These are the questions you shouldn't ask, the foods you shouldn't serve, and the rules you shouldn't follow.
friends group enjoying baby shower
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Whether you're a first-time baby shower host throwing a party to celebrate your future niece or nephew or an experienced guest whose friends are moving into the new-parent phase, nailing the correct baby shower etiquette is easy—if you follow this quick primer from etiquette author Myka Meier, who runs an online finishing course through Beaumont Etiquette.

Don't ask the new parents to contribute.

The parents-to-be will host plenty of parties for their child, but the baby shower isn't up to them. "The parent-to-be is the guest of honor and should not be responsible for any financial contribution to the party in any way if it's being hosted by friends or family," says Meier. "If you are choosing to host a shower for someone else, stay within your budget and, aside from asking if there is a registry and who the parents want to invite, there should not be any work asked of the new parents."

Don't forget to vary the menu.

While offering a variety of food and drink—including vegetarian, gluten-free, and non-alcoholic options—is standard etiquette for most events, consider pregnancy diet guidelines, too. "There is an old saying that pregnant people flock together, so it's likely there will be a need at a shower to cater to pregnancy diets," says Meier. "Be sure to research ahead what pregnant guests can and cannot eat when planning your menu. Smoked salmon blinis and soft unpasteurized cheeses with cold cuts on a charcuterie board—with mimosas—may sound delicious to a regular party goer, but the pregnant person may be left hungry!"

Don't expect every gift to come from the registry.

The expectant parents may have their own requests for big-ticket baby items, like strollers and cribs, and favorite colors or nursery themes, but etiquette doesn't require guests to buy only from the list. "A registry is simply a guide of items the parent or parents need for their impending arrival," says Meier. Choose the lightweight swaddling blankets your own baby loved, a favorite children's book, or a handmade piece of artwork for the baby's room. "While some guests choose to buy an item from the registry for the baby, others choose to pamper the parent-to-be, with for example, a facial or gift certificate to the spa, instead," says Meier.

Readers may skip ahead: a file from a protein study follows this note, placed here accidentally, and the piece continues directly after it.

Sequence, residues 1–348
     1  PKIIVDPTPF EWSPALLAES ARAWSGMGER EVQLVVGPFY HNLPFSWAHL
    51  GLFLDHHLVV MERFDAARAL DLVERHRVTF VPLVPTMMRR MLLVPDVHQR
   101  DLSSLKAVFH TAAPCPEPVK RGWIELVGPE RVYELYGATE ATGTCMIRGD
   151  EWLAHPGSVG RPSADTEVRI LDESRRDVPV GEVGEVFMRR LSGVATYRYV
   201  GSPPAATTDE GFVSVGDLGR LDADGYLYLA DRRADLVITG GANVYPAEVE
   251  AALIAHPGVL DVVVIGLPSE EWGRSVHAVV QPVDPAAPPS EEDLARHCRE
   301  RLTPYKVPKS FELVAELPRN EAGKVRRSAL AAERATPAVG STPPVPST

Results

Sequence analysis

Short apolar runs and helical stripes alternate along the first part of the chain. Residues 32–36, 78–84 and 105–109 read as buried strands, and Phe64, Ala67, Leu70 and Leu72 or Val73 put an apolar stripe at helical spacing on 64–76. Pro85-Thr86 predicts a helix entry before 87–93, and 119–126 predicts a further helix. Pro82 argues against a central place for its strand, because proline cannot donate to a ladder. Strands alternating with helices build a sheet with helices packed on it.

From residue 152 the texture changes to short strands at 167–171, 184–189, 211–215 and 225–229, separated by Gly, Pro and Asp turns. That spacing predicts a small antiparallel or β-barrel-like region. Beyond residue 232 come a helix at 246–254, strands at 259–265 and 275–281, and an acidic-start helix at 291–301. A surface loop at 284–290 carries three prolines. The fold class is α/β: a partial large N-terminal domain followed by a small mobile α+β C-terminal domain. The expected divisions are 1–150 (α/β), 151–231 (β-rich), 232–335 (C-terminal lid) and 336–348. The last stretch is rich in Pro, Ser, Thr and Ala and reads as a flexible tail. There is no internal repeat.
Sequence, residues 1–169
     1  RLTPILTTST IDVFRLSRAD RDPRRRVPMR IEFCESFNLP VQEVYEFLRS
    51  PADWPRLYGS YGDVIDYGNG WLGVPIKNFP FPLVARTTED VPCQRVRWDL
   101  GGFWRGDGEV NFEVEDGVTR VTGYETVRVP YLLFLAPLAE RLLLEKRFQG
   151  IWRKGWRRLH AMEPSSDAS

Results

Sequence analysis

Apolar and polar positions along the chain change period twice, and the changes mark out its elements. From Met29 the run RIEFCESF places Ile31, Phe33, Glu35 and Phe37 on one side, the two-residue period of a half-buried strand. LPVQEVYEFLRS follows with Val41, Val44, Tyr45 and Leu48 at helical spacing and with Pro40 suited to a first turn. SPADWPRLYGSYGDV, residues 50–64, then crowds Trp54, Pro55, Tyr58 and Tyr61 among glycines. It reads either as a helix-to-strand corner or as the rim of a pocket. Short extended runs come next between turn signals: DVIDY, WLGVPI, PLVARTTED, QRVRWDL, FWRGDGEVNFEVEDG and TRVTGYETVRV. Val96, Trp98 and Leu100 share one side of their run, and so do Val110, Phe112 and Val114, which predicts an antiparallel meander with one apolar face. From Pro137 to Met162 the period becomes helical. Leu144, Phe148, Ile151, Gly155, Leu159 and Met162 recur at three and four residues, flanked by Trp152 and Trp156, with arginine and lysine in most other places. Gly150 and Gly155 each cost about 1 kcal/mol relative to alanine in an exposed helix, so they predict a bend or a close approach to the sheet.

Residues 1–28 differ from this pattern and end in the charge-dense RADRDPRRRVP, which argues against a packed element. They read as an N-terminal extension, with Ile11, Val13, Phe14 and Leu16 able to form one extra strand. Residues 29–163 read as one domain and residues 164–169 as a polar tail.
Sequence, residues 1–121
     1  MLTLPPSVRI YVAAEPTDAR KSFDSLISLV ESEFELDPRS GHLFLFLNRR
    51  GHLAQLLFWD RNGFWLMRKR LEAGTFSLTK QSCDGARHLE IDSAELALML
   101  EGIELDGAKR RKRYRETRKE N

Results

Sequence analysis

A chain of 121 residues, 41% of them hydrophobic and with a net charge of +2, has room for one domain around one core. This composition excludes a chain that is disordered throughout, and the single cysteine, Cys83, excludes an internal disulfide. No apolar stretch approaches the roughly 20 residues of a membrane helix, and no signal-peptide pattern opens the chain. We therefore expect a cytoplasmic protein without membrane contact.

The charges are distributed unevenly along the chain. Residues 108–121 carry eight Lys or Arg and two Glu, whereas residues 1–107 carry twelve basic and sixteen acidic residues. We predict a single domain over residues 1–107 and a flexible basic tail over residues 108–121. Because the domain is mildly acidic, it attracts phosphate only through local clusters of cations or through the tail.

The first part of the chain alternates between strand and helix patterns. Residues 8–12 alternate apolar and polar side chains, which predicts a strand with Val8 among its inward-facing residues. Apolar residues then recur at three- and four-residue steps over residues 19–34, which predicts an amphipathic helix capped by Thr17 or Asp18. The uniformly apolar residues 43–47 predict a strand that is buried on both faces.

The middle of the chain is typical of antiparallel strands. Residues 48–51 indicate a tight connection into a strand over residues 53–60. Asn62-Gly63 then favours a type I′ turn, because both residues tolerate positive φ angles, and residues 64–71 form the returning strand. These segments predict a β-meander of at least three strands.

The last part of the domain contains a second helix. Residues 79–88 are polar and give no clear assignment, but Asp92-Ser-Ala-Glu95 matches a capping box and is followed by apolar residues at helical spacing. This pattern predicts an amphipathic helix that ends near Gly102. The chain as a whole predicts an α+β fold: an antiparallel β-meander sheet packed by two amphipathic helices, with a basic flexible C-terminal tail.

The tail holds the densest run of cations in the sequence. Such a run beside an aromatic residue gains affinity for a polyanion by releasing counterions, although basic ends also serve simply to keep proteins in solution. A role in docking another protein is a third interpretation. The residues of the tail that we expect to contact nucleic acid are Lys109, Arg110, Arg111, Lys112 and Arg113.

Don't get offended if the gifts aren't opened at the shower.

While traditional baby showers include the parents opening a stack of presents in front of all the guests, that's not a requirement; the host may choose to extend the meal or offer more time for socializing, instead. "It's up to the host to decide what events—from games to cake or gift opening—will take place at the party," says Meier. "I recommend the host ask if the parent-to-be would like to open gifts at the party or not, as they likely have a preference."

Don't forget to speak thoughtfully.

You may have only the best intentions when commenting on an expecting mother's belly or questioning the details of a surrogacy, but some thoughts are better left unsaid (even if you're the future grandmother). "Be cautious about what you say to the parent-to-be—commenting on how 'big' they have become or saying, 'You look like you're having twins!' when they are not can be hurtful," says Meier. "If someone went through IVF or is using a surrogate or adopting, avoid asking too many personal questions—like, 'Do you mind if I ask why you chose to use a surrogate?' or, 'How much does that cost?'—which may be seen as prying and can be uncomfortable, and instead let them tell you what they want to about their process." A baby shower is also not the time to trade tales of high-risk, emergency C-sections, or delve into the scariest parts of labor and delivery. "Avoid telling pregnancy or childbirth horror stories," says Meier. "Sure, many people may have them, but it's not the time to share them! Focus on positive conversation topics to help mentally prepare the parent-to-be get excited."


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